pharmacies to dispense 90-day maintenance prescription medi-
cations to State Employees.
STATE REGULATION OF PHARMACIES AND
ISSUE: Should local governments regulate the operation and
practice of pharmacies.
DISCUSSION: In the past several years, Florida has struggled
with the growing problem of prescription drug abuse and traf-
ficking. In the 2011 Legislative Session, a sweeping reform bill
was passed bringing stricter regulation to the entire prescription
drug industry. From manufacturers, to distributors, to communi-
ty pharmacies, controlled substances will be tracked and report-
ed into the Prescription Drug Monitoring Program. Additionally,
physicians will no longer be able to dispense controlled substanc-
es. With all of the reforms that were implemented at the state level, Dan Doyle, Beall’s Inc.; Paul Imbrone, Macy’s Inc.; Rep. Alan Williams
(D-Tallahassee) and Debbie Harvey, Ron Jon Surf Shop.
Florida will begin to see a drastic drop in the illicit pill mill indus-
try. During the time that the Legislature was struggling with ex-
actly how to address the problem, local governments were becom- SUSTAINABILITY COUNCIL
ing desperate to control this very real threat to their communities.
They began to pass strict local ordinances in an effort to mitigate
the problem, and understandably so. However, now that there is BOTTLE DEPOSIT LEGISLATION
very strict regulation from the state, these local ordinances may ISSUE: Are additional mandates and regulations such as bottle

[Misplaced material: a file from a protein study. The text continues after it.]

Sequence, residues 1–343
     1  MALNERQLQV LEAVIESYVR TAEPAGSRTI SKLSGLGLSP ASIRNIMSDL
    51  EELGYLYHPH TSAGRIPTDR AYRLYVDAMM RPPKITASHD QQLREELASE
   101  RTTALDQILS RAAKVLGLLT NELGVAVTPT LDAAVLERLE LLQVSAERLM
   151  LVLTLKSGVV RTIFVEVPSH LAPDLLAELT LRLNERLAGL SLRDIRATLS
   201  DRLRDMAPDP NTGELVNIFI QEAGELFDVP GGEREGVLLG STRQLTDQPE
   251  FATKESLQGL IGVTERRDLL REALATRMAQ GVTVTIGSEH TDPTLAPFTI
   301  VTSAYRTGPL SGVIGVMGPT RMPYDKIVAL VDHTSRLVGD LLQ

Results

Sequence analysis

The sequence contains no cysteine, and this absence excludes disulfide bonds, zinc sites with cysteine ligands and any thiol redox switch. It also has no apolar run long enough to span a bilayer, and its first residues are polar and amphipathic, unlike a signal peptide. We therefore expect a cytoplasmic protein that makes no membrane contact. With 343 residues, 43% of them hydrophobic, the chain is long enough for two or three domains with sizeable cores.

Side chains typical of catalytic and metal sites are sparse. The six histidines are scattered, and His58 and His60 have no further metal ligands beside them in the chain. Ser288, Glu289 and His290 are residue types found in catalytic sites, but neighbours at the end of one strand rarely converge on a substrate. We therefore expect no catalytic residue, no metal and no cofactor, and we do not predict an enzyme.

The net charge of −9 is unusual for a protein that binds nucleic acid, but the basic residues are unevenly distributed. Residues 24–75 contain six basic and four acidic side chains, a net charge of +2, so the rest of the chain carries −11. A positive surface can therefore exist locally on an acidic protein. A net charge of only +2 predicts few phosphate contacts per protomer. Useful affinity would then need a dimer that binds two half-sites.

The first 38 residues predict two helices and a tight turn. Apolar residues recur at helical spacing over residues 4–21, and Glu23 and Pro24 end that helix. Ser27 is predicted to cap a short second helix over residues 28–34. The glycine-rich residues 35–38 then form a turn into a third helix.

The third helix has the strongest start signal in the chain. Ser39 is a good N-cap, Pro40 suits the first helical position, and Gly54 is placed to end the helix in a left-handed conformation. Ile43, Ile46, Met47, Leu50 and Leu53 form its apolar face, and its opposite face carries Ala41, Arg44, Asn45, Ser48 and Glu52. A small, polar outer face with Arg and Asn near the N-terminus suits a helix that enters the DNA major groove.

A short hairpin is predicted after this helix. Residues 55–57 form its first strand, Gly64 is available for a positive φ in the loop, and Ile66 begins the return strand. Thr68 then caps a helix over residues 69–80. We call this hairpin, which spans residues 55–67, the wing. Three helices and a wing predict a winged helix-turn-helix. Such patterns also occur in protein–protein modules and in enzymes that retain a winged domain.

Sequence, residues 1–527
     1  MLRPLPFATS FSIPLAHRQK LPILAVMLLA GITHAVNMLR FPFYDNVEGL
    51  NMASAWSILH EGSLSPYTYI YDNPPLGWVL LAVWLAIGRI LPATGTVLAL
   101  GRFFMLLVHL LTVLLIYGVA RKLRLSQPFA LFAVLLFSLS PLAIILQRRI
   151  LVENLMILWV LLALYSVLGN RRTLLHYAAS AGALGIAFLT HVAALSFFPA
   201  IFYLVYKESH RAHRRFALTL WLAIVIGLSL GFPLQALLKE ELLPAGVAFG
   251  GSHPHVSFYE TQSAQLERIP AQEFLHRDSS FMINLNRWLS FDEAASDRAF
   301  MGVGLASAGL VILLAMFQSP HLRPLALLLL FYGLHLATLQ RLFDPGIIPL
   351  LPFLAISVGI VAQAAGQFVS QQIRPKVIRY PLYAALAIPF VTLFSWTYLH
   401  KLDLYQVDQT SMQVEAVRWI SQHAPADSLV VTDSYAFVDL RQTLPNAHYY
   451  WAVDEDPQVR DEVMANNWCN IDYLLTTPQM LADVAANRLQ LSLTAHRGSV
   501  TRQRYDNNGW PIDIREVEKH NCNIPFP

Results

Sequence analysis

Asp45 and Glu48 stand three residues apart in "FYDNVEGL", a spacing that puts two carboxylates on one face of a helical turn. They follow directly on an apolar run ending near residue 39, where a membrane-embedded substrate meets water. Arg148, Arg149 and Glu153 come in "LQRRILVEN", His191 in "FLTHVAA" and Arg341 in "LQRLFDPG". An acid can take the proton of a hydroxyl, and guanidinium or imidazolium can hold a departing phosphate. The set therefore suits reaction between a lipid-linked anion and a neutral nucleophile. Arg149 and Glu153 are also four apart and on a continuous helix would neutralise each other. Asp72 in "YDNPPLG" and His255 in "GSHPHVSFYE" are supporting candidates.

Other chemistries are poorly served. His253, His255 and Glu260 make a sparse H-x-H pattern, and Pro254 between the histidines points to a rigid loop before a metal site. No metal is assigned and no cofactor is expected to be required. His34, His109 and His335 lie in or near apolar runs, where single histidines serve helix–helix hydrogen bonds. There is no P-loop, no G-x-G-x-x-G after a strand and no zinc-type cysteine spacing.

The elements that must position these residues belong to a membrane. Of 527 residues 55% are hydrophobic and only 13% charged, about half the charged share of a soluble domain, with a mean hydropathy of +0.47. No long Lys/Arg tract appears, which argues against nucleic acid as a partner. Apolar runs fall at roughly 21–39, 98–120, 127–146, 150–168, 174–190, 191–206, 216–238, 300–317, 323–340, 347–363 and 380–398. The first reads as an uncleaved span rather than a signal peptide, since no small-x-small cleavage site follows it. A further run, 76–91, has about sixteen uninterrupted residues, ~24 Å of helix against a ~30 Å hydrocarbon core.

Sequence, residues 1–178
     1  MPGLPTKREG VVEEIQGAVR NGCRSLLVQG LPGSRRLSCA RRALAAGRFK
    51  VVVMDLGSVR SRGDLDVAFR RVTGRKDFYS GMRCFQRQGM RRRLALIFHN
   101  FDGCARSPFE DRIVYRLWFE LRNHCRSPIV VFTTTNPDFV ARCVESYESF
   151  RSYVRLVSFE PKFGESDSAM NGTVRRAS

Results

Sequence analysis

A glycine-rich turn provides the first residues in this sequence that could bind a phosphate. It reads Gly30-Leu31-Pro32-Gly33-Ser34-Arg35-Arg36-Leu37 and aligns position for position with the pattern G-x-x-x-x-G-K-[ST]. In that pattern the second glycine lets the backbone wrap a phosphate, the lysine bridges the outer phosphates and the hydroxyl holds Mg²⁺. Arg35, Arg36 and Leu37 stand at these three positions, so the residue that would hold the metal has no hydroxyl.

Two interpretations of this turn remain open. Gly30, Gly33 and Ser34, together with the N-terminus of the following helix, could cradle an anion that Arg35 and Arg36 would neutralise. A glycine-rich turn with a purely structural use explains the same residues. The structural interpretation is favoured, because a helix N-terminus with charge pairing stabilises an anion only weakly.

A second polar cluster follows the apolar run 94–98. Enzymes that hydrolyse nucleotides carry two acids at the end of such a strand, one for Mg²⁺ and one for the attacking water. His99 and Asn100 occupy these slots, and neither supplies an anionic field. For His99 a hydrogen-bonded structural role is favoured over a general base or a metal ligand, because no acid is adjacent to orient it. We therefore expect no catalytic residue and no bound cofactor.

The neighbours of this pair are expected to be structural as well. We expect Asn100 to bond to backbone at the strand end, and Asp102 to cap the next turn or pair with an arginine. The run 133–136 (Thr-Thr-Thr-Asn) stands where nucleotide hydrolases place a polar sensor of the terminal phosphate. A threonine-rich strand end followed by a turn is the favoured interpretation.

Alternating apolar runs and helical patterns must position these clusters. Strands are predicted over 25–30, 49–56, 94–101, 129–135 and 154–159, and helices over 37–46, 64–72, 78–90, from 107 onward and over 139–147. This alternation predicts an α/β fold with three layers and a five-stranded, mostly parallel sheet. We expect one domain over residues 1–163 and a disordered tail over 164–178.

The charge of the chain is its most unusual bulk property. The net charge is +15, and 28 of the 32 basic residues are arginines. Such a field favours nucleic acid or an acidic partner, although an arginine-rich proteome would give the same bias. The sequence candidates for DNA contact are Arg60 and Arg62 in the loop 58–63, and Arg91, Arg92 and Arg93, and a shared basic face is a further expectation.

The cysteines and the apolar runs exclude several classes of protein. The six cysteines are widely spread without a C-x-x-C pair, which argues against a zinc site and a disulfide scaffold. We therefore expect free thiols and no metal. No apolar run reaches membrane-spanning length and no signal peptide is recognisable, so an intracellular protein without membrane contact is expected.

not only be unnecessary, they may be in conflict with the state deposit legislation necessary to increase Florida’s recycling rates.
regulation. Because the practice of healthcare already operates in DISCUSSION: Members of the retail industry are setting
a highly regulated environment, streamlining is crucial to ensur- the standard for environmentally responsible practices. With-
ing compliance; there should be one ultimate authority responsi- out regulations, requirements, or mandates, many retailers are
ble for the regulation of pharmacy and pharmacists. successfully establishing innovative practices that reduce waste,
POSITION: The Florida Retail Federation supports restricting conserve resources, and provide greater value to consumers.
the regulation of the practice of pharmacy to the state level. The Much attention has been given to regulatory measures such
Florida Board of Pharmacy, which operates under the Depart- as bottle bills and advanced disposal fees. Such measures are
ment of Health, is best equipped to oversee regulatory issues re- certainly well-intentioned, but their effectiveness is question-
lated to the practice of pharmacy. able. The potential for negative unintended consequences must
be considered before the state and its citizens invest their time
MEDICAID PROVIDER HANDBOOK and limited resources in pursuit of these measures.
ISSUE: Should Medicaid providers be given proper notification Bottle deposit regulations impose significant burdens on
in advance of changes made to the Medicaid Provider Handbook. Florida’s individual and corporate citizens, yet address only a
DISCUSSION: Chapter 409, Florida Statutes, governs the way very small portion of Florida’s waste stream. In order to estab-
the state handles Medicaid. It allows for the Agency for Health lish effective and worthwhile policies, there needs to be a com-
Care Administration to set forth the methodologies by which it prehensive evaluation of the state’s current recycling rates and